Roy Exum: A Fable And A Parable

Thursday, December 26, 2013 - by Roy Exum
Roy Exum
Roy Exum

It is believed that a man who was named Aesop lived even before the birth of Christ in ancient Greece and, although he was a slave, he was a legendary story teller. The fabulous “Aesop’s Fables” were read to me as a small boy and they are just as wonderful today; they never seem to age.

Sometime during the 1st century Apollonius of Tyana described Aesop like this: “Like those who dine well off the plainest dishes, he made use of humble incidents to teach great truths, and after serving up a story he adds to it the advice to do a thing or not to do it.”

A parable, on the other hand, is an imaginary story that is used to teach a moral or spiritual lesson. I have a great friend in Texas who shares stories with me from time to time and, after a very full Christmas Day, I’d like to pass along a fable (advice) and parable (lesson) he shared with me not long ago.

It is believed that the authors of both stories are unknown.

THE HOUSE WE BUILD

An elderly carpenter was ready to retire. He told his employer-contractor of his plans to leave the house-building business and live a more leisurely life with his wife enjoying his extended family. He would miss the paycheck, but he needed to retire. They could get by. 

The contractor was sorry to see his good worker go and asked if he could build just one more house as a personal favor. The carpenter said yes, but in time it was easy to see that his heart was not in his work. He resorted to shoddy workmanship and used inferior materials. It was an unfortunate way to end his career. 

When the carpenter finished his work and the builder came to inspect the house, the contractor handed the front-door key to the carpenter:

"This is your house," he said, "my gift to you."

What a shock! What a shame! If he had only known he was building his own house, he would have done it all so differently. Now he had to live in the home he had built none too well. 

So it is with us. We build our lives in a distracted way, reacting rather than acting, willing to put up less than the best. At important points we do not give the job our best effort. Then with a shock we look at the situation we have created and find that we are now living in the house we have built. If we had realized that we would have done it differently.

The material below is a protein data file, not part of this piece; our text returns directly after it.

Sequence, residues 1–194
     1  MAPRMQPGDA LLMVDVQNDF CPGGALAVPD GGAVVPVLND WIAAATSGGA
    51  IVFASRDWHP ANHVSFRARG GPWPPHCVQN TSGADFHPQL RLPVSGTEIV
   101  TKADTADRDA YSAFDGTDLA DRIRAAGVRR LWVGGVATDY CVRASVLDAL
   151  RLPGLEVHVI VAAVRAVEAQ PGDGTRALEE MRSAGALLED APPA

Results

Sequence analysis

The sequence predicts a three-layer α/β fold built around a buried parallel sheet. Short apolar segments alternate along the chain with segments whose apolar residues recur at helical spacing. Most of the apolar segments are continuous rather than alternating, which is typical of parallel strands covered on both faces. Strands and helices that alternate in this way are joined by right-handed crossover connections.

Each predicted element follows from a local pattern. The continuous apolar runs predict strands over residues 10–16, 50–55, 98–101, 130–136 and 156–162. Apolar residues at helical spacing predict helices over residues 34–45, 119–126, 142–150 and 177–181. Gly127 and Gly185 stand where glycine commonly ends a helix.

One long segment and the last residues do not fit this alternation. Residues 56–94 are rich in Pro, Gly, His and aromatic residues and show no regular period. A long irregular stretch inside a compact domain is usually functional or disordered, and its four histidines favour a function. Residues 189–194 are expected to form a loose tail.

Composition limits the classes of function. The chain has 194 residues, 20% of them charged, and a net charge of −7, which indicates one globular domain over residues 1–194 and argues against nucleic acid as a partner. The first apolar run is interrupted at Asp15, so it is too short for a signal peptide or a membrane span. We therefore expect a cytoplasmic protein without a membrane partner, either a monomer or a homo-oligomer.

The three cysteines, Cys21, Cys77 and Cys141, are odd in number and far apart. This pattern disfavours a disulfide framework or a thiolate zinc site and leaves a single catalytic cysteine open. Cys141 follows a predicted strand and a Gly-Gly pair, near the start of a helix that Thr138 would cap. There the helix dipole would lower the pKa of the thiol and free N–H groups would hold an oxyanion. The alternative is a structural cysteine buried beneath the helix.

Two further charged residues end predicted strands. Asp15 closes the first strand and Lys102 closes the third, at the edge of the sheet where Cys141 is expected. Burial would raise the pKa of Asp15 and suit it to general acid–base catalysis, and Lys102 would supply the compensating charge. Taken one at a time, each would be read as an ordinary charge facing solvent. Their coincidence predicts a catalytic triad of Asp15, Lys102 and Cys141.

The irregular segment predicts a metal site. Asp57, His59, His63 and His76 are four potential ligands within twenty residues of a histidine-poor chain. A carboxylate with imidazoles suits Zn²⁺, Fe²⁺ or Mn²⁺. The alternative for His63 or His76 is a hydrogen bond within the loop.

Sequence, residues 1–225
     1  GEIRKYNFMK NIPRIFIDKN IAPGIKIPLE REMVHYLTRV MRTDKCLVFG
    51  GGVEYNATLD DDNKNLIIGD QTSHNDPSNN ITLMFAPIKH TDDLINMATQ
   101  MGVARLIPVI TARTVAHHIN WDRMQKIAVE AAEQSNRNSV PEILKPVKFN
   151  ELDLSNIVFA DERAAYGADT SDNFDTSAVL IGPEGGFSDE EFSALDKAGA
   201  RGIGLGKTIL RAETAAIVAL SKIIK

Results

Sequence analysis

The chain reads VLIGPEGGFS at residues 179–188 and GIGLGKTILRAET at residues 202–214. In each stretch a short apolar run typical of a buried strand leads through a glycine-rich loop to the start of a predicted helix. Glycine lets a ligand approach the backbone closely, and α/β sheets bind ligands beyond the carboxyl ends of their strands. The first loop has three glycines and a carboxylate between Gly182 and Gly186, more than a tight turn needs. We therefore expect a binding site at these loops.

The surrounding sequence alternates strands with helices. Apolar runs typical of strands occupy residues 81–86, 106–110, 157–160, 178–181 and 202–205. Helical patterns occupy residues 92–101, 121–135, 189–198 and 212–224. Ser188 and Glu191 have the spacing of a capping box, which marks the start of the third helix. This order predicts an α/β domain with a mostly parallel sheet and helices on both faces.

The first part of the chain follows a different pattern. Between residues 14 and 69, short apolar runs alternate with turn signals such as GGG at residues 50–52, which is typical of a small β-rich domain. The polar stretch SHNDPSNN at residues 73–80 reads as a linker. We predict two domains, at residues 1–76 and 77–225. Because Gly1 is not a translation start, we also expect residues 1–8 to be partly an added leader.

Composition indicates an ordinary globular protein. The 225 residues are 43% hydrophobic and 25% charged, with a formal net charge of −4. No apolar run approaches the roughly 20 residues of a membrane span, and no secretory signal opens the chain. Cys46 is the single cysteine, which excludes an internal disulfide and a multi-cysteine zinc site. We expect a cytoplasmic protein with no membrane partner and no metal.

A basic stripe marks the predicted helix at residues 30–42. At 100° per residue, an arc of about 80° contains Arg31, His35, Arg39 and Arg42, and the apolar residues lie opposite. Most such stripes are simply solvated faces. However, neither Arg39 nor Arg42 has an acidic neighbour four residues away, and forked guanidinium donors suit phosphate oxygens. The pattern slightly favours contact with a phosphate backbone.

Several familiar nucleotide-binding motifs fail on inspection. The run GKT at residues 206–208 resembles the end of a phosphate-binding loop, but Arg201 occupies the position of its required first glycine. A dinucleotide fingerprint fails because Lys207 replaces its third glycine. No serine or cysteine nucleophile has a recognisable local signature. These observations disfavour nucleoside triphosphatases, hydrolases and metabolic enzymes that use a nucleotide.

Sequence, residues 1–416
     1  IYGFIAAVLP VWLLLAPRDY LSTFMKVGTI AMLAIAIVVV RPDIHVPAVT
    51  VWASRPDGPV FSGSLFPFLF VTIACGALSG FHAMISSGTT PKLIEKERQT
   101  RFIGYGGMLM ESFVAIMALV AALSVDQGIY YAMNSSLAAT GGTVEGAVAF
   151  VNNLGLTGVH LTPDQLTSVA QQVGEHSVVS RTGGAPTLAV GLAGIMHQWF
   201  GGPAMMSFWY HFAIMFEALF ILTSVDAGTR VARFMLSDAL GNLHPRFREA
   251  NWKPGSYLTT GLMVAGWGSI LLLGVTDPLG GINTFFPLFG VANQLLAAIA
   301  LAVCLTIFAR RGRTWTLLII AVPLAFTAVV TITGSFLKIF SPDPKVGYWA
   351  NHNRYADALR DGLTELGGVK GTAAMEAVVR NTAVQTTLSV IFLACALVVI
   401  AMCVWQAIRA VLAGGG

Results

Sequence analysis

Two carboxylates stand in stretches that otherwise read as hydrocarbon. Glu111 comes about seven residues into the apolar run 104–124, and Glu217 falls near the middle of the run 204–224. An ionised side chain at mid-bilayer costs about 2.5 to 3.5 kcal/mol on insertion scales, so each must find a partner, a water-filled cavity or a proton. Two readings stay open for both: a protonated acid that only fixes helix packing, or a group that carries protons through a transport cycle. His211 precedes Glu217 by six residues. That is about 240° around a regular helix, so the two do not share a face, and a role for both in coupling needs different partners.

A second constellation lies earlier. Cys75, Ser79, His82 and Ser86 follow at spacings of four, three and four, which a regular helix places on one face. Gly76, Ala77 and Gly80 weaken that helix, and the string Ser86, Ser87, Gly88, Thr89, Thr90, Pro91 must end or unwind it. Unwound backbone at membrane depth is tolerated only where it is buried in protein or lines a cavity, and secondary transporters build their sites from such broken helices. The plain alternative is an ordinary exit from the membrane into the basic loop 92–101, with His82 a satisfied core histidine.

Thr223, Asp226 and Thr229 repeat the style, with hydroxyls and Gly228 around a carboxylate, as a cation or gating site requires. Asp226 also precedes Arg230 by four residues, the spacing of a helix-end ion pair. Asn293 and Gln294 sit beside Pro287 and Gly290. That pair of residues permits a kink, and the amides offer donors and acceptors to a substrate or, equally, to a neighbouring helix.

Think of our self as the carpenter. Think about our house. Each day we hammer a nail, place a board, or erect a wall. Build wisely. It is the only life we will ever build. Even if we live for only one day more, that day deserves to be lived graciously and with dignity.

We built our life today. It is the result of our attitudes and the choices we have made in the past.

We can build the life we want. It will be the exact result of our attitudes and the choices we make today and tomorrow.

-- Author Unknown

* * *

TRUE LOVE -- PAST, PRESENT, FUTURE

It was a busy morning and about 8:30 a.m. an elderly gentleman in his 80's arrived to have stitches removed from his thumb. He stated that he was in a hurry as he had an appointment at 9:00am.

I took his vital signs and had him take a seat, knowing it would be over an hour before someone would be able to see him. I saw him looking at his watch and decided, since I was not busy with another patient, I would evaluate his wound.

On exam it was well healed, so I talked to one of the doctors, got the needed supplies to remove his sutures and redress his wound.

While taking care of his wound, we began to engage in conversation I asked him if he had a doctor's appointment this morning, as he was in such a hurry. The gentleman told me no, that he needed to go to the nursing home to eat breakfast with his wife.